Cork city coroner Dr Myra Cullinane said she will bring the issue to the attention of Health Minister Mary Harney.
Cork Coroner’s Court heard how Eileen Noonan, 53, from Kilmallock, Co Limerick, was given a massive overdose of the chemo- therapy drug Idarubicin, after a pharmacist at Cork’s Mercy University Hospital (MUH) misinterpreted dosage directions.
The error last June was the fourth Idarubicin dosage error involving Irish cancer patients who subsequently died, the inquest was told. The overdoses were associated with two of those deaths.
While the Irish Medicines Board was informed of the MUH error, it said it did not fall within its remit because the drug was part of an unlicensed treatment regime.
Dr Cullinane said she was concerned that there was no regulation of off-licence medication by a statutory body: “There needs to be a formalised reporting structure for incidents such as this so steps can be taken to prevent future, similar tragedies.”
Idarubicin is used with another drug as part of a chemotherapy treatment known as Z-DEX.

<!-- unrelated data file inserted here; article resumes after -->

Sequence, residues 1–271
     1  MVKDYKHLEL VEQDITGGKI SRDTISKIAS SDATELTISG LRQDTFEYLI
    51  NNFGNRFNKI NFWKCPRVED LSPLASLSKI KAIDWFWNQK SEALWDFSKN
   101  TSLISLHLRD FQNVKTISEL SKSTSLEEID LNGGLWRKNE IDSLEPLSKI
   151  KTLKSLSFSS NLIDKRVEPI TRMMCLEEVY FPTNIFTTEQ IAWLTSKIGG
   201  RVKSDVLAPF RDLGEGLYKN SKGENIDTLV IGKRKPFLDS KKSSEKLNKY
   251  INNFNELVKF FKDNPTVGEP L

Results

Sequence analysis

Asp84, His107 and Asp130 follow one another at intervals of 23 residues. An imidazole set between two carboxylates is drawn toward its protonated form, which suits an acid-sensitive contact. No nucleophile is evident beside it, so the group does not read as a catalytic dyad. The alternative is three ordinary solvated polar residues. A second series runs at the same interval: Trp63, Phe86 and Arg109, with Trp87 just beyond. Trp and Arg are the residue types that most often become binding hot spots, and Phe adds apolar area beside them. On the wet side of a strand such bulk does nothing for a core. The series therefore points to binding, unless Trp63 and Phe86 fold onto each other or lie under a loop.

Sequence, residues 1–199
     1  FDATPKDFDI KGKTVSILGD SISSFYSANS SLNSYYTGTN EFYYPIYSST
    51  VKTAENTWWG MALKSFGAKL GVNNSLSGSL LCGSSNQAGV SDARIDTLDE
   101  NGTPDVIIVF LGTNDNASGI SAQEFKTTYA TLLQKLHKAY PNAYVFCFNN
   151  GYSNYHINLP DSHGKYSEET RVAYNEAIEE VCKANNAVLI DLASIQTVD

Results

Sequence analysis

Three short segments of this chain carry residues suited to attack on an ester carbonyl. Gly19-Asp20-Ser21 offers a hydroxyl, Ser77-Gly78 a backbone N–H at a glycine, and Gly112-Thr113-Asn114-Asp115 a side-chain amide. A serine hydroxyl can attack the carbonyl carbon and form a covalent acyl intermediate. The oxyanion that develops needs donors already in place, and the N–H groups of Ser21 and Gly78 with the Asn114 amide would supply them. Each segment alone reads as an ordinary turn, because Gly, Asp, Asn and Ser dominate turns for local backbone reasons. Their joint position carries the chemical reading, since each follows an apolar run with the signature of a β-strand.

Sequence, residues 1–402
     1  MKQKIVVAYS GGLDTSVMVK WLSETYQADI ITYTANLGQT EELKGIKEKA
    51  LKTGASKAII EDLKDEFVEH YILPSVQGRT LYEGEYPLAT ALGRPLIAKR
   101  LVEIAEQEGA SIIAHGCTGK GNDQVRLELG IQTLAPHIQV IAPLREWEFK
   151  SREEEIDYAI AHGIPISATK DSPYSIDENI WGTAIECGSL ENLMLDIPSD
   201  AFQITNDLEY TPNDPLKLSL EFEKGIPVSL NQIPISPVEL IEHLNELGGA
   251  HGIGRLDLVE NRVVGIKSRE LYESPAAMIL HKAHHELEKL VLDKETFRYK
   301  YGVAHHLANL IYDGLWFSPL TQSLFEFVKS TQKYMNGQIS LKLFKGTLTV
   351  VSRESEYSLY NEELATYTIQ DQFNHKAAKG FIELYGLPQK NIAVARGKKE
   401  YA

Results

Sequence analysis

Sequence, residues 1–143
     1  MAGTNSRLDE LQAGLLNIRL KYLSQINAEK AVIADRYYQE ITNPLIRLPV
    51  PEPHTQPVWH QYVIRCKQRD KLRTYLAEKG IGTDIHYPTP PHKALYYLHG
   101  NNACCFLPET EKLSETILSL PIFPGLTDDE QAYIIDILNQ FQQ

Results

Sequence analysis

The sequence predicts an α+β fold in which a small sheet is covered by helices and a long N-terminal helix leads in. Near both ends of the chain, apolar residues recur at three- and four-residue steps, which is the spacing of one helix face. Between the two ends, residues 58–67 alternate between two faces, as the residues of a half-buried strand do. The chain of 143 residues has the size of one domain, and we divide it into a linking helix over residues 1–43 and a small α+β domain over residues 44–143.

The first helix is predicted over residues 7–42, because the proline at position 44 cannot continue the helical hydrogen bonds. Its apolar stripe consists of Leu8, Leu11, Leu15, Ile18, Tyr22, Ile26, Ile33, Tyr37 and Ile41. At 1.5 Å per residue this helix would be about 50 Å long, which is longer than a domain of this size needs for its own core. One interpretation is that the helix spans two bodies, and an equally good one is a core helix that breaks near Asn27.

Ms Noonan began Z-DEX for multiple myeloma, a cancer in cells in bone marrow, on June 6 last.
MUH specialist registrar in haematology, Dr Andrea Malone, phoned a hospital pharmacist for details on the Z-DEX protocol, who in turn consulted the Oxford Handbook of Clinical Haematology.
Patients are supposed to get a 40mg dose of Idarubicin over four days — 10mg daily.
But the pharmacist misinterpreted the dosage wording in the handbook and told Dr Malone it was 40mg every day for four days.
Ms Noonan was given 40mg each day for three days — a total of 120mg which is three times the required amount.
Ms Noonan’s condition worsened and she died on June 27.
Dr Malone and MUH’s chief pharmacist, Elizabeth Barron, said they could see how the mistake was made.
However, consultant haematologist Dr Michael Madden said the Z-DEX protocol has been interpreted correctly by thousands of doctors.
He said the overdose was just one of a number of factors which ultimately led to Ms Noonan’s death.
But Harold Brooks BL, for Ms Noonan’s husband, Pat, said: “Whatever resistance she had before the overdose, all resistance she had went out the door when she got three times the dose of a fairly potent form of chemotherapy.”
MUH has made several changes since the incident, including changing potentially confusing wording in its protocol.
Mr Noonan declined to comment afterwards but welcomed the changes.